[Note from Frolic: We’re so excited to have author Jamie Pacton guest posting on the site today. She’s talking YA feminist romance. Take it away, Jamie!]
I love romance novels for many reasons—because they offer fun, steamy escapes from hard life stuff; because they dare to assert that a Happily Ever After is possible; because they offer all sorts of surprising relationship guidance that has made my marriage stronger; and, because they focus on female desire as a positive thing—but, perhaps, what I love most about reading romance is the way it connects women.
If you’re reading this article, I’m willing to bet you know what I mean. There’s that glorious moment when you’re chatting with a new friend, and you ask what they’re reading. They mention a romance you’ve recently finished and just like that, you’re both giddily diving into the plot, characters, humor, heat, and everything else in between. One of my favorite podcasts, Heaving Bosoms, takes this moment of connection and elevates it to an art form as the hosts—two female BFFs—gush at length about the romance novels they love or love to hate. (Check it out. Seriously. It’s so smart and hilarious).
But even though I love romance novels, as a die-hard intersectional feminist, I’ve spent a lot of my adult life being conflicted about reading them. As a tween I read so many that were frightfully problematic, and I now cringe to think about those books finding their way into young readers’ hands.
That said, in the post-Me Too era, I think the landscape of romance novels is changing with stories like Red, White, and Royal Blue, The Kiss Quotient, Well Met and many other titles. I also believe in my bones that romance novels can be radically feminist spaces. After all, these are books loved by communities of women. These are books where female desire and sexuality is articulated and celebrated. These are books where women come first most of the time. (Ahem)
Since I’m such a fan of romance novels, it was no surprise to me that when I started the book that would become my Young Adult debut novel, I wanted to include romance and feminism. The Life and (Medieval) Times of Kit Sweetly tells the story of 17-year-old Kit, a “wench” at a medieval-themed restaurant. Kit wants to be a knight, however, company policy only allows cis-dudes to fight as knights. One shift, Kit takes her brother’s place as the Red Knight, and this decision launches a viral campaign to change things at the Castle.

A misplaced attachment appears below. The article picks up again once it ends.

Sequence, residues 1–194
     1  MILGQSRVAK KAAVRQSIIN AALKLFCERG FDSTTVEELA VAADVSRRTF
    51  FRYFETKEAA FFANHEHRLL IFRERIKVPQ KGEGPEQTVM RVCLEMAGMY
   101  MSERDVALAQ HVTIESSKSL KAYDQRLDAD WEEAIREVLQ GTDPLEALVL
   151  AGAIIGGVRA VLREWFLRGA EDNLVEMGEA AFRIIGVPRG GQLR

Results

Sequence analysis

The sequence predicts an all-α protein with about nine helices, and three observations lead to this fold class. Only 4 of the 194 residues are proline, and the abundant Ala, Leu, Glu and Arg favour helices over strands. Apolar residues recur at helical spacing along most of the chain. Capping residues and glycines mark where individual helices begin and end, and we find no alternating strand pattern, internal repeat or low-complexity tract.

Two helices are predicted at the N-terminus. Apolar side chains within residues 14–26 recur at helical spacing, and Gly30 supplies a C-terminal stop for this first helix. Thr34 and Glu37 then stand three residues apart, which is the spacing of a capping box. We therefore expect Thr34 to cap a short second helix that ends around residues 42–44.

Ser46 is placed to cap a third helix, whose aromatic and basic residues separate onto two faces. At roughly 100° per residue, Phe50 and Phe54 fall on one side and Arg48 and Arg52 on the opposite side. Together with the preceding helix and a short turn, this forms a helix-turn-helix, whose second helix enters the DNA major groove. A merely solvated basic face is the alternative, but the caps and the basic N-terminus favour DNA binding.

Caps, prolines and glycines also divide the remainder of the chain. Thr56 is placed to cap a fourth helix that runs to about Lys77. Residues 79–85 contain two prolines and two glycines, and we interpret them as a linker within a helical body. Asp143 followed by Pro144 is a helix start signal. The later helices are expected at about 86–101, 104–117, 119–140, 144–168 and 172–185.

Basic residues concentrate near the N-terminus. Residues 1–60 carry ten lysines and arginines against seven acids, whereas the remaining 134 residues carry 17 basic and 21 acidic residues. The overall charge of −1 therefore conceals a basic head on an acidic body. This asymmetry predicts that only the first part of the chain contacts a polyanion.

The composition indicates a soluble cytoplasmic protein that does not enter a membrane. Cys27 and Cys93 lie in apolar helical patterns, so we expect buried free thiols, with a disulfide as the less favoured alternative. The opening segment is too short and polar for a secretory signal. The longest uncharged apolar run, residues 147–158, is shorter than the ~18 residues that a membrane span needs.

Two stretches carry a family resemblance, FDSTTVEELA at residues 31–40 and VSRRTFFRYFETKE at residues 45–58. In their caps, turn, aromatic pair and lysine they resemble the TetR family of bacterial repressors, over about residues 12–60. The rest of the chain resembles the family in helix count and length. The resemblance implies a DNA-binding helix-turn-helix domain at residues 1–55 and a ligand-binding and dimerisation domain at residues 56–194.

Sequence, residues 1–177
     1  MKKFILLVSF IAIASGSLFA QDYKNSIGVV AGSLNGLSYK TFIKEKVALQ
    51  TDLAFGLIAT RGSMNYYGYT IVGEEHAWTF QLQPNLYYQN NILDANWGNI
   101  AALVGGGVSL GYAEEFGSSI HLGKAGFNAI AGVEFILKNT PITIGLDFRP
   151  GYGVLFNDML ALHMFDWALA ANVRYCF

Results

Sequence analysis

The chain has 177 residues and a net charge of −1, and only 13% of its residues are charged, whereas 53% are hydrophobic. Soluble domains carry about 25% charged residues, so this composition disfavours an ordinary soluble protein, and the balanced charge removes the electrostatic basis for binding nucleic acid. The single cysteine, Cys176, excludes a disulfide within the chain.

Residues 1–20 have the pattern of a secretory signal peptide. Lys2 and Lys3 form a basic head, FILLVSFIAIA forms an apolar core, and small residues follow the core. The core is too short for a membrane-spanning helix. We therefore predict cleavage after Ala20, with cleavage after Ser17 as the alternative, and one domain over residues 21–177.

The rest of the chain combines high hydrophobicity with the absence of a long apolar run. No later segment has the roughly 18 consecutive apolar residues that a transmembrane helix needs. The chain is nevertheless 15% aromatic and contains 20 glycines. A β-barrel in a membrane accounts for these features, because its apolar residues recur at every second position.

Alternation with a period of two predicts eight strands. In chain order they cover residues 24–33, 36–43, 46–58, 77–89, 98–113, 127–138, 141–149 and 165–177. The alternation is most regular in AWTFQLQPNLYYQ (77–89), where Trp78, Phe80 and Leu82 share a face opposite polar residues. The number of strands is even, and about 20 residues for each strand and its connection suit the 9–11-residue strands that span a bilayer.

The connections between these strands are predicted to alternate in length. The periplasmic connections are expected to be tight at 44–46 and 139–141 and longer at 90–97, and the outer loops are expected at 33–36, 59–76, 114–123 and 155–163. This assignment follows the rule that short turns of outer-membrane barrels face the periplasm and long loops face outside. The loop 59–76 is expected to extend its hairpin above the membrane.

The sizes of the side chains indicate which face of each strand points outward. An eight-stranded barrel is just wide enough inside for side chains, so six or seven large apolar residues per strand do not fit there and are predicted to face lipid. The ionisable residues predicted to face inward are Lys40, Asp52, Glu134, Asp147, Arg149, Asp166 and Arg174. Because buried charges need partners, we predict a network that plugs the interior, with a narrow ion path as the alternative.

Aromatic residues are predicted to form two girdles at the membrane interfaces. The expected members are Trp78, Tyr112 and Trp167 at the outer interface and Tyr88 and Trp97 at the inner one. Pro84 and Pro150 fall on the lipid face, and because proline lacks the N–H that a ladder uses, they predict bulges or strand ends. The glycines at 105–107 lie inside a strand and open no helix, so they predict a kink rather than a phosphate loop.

The Life and (Medieval) Times of Kit Sweetly is a deeply feminist story with a sweet friends-to-lovers plot running through it. As I wrote, I kept asking myself: is it possible to smash the patriarchy and fall in love too?
Of course it’s possible (my life is a working model of exactly this), but I had to figure out how to do that in this book.
Here’s what feminist romance looks like in THE LIFE AND (MEDIEVAL) TIMES OF KIT SWEETLY:
*Kit had to have other goals besides just landing the boy and getting kissed.
*All of Kit’s desires—whether they be riding out as a knight or starting a relationship— had to be centered in the narrative.
*Kit’s love interest, her best friend Jett, had to be supportive of her goals.
*The book had to be sex-positive, even if the sex was off the page or after the narrative.
*Consent and choices had to be honored at all times.
*And, of course, it had to have a Happily-Ever-After, even if it was a slightly messy one that left room for real life.
I achieved these goals in KIT, and I’m thrilled readers are responding positively to both the feminism and the romance in the story. But, that’s the how of writing feminist romance in YA. What about the why?
There are so many reasons, but one of the most important is so that teens have a different model than what the patriarchy has put forth for so long. In feminist romance, girls can make the first move, they can say what they want, and their stories matter. I also think these sorts of stories are more true to life and they’re empowering for all teens (not just teen girls).
I look forward to Kit’s story reaching female teen readers and showing them, yes, you can be a badass fierce fighter for what you believe in; but also, yes, you absolutely can also fall in love with your best friend. Both are okay, and you can have it all, just don’t be afraid to ask for what you want.
About the Author:
Jamie Pacton grew up minutes away from the National Storytelling Center in the mountains of East Tennessee. She adores architecture, gardens, art museums, beaches, cake, whiskey. She even kind-of likes getting stuck in airports if she has a good book. Currently, she lives in rural Wisconsin with her husband, their two kids, and a dog named Lego. Find her on Twitter @JamiePacton.
The Life and (Medieval) Times of Kit Sweetly by Jamie Pacton, out now!
Working as a wench—i.e. waitress — at a cheesy medieval-themed restaurant in the suburbs of Chicago, Kit Sweetly dreams of being a knight, like her brother Chris. She knows the moves, she’s capable on a horse, and she desperately needs the raise that comes with Knighthood, so she can help her mom pay the mortgage and hold a spot at her dream college.
Defying the painfully-medieval company policy that allows only guys to be knights, Kit takes her brother’s place one evening. When Kit reveals her identity at the end of the show, she rockets herself into internet fame and a whole lot of trouble with the management. If she can’t spur the company into changing their policy, so anyone can fight regardless of gender, she won’t only lose her job and her family’s house, but she can kiss her spot at her dream college goodbye.
Both empowering and swoon-worthy, and full of witty historical facts and pop culture references, The Life and (Medieval) Times of Kit Sweetly is a hilarious rom-com with the smash-the-patriarchy heart of Moxie.